Software Engineering | Jelinski Moranda software reliability model

The Jelinski-Moranda (J-M) model is one of the earliest software reliability models. Many existing software reliability models are variants or extensions of this basic model.

The assumptions in this model include the following:

  1. The program contains N initial faults which is an unknown but fixed constant.
  2. Each fault in the program is independent and equally likely to cause a failure during a test.
  3. Time intervals between occurrences of failure are independent of each other.
  4. Whenever a failure occurs, a corresponding fault is removed with certainty.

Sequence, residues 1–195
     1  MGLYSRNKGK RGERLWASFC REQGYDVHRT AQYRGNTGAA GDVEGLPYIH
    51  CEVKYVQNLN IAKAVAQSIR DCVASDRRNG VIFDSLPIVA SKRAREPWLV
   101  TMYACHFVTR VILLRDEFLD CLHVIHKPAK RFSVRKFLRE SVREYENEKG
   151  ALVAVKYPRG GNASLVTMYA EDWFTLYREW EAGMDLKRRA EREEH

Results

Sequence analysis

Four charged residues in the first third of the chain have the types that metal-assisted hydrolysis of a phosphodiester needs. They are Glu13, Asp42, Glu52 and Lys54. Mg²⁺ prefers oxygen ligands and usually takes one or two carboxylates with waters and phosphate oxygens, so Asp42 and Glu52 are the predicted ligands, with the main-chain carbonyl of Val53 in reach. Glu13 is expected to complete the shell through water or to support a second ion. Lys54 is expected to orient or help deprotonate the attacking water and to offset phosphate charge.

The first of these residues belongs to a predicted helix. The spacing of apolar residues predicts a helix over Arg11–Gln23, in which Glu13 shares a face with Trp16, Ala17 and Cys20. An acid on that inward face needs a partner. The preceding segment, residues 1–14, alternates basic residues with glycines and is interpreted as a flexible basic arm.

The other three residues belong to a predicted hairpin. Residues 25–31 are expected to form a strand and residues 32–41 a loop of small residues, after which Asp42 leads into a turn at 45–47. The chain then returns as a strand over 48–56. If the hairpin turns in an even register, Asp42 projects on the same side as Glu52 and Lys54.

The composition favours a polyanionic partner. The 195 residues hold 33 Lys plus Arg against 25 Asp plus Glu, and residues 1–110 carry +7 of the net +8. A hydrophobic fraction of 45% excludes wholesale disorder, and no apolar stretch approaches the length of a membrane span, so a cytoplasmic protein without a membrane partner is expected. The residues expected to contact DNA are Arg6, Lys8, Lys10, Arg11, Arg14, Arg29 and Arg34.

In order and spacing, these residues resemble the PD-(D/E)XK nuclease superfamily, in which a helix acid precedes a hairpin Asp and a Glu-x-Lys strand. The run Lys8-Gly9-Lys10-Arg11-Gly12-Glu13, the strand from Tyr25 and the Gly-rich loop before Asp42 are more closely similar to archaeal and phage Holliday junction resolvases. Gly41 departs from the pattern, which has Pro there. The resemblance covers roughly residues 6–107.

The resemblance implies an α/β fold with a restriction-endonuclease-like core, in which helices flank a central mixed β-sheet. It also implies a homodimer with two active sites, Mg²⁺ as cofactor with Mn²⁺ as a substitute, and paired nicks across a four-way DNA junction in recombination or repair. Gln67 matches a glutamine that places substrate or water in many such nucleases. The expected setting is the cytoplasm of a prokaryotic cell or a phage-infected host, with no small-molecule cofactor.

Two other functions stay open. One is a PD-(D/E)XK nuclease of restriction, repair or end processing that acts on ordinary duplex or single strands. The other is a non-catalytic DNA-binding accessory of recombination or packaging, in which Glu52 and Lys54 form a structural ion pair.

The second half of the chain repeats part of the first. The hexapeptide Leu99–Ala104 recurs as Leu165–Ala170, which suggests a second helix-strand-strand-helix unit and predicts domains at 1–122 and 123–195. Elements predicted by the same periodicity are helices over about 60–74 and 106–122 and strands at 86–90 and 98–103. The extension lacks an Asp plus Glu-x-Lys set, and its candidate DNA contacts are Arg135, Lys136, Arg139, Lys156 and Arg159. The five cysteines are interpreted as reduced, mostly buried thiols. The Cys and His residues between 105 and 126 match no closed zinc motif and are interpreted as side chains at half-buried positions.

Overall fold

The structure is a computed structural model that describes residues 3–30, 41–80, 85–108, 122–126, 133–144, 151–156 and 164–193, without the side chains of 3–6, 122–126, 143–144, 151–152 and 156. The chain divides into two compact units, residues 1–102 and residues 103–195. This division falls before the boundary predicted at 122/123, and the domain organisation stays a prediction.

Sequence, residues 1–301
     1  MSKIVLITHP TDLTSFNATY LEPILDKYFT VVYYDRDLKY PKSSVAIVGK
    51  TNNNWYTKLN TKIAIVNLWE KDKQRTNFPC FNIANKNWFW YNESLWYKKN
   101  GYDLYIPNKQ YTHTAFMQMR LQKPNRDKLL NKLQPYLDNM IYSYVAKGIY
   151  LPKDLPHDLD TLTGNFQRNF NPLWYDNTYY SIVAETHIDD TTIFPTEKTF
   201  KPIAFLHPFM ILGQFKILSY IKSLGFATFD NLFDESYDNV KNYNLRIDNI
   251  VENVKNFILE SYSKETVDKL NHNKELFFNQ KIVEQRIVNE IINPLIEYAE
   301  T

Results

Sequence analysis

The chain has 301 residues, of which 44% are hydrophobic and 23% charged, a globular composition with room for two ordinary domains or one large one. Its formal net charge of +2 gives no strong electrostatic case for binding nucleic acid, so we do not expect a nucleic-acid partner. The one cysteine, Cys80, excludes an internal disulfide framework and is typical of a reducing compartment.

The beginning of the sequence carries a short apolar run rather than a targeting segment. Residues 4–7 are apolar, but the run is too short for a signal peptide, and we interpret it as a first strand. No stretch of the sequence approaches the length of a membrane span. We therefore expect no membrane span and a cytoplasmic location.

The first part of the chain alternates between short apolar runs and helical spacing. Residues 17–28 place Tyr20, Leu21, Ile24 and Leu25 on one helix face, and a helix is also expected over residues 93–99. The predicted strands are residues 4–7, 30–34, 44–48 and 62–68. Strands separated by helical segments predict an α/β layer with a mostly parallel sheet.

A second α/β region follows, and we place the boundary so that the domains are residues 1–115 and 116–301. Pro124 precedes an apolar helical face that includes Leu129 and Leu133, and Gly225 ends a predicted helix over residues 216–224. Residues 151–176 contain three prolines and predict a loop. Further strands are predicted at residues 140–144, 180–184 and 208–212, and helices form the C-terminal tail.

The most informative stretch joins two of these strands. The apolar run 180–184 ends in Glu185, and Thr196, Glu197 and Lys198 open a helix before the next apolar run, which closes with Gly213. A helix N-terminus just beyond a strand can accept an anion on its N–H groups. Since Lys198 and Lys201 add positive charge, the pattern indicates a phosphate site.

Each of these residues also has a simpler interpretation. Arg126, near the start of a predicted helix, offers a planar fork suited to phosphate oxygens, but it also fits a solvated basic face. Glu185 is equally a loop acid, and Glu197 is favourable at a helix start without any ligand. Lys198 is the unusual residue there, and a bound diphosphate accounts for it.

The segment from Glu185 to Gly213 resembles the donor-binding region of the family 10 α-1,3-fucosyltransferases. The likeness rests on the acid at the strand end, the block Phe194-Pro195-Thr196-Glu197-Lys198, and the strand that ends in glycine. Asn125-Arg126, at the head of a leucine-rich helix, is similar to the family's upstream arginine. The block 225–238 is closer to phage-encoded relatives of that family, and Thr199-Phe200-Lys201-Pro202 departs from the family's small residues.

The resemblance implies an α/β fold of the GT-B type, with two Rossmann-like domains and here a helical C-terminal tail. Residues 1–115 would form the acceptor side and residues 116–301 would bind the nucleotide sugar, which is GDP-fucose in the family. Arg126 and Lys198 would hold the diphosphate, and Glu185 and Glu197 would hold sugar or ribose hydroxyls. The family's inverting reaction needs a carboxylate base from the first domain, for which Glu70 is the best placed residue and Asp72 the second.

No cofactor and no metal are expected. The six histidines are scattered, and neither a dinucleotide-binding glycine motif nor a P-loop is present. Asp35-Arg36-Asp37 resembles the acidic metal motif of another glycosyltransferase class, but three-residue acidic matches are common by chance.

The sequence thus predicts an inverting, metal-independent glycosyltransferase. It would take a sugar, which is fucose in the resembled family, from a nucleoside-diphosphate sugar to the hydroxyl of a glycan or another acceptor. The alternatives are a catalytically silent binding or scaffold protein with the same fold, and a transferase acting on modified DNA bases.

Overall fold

5. The fault that causes a failure is assumed to be instantaneously removed, and no new faults are inserted during the removal of the detected fault.
  6. The software failure rate during a failure interval is constant and is proportional to the number of faults remaining in the program.

The program failure rate at the ith failure interval is given by,

    $$  \lambda (t_i)= \phi [N-(i-1)], \; \; i=1, 2, ..., N$$

$\phi $ = a proportional constant, the contribution any one fault makes to the overall program
N = the number of initial faults in the program
$t_i$ = the time between the $(i-1)^{th}$ and the $(i)^{th}$ failures.

For example, the initial failure intensity is

    $$\lambda (t_1)=\phi N$$

and after the first failure, the failure intensity decreases to

    $$\lambda (t_2)=\phi (N-1)$$

and so on.
The partial distribution function(pdf) of $t_i$ is

    $$f(t_i)=\phi [N-(i-1)]e^{-\phi (N-(i-1))t_i}$$

The cumulative distribution function(cdf) of $t_i$ is

    $$F(t_i)=1- e^{-\phi [N-(i-1)]t_i}$$

The software reliability function is, therefore,

    $$R(t_i)=e^{-\phi (N-i+1)t_i}$$

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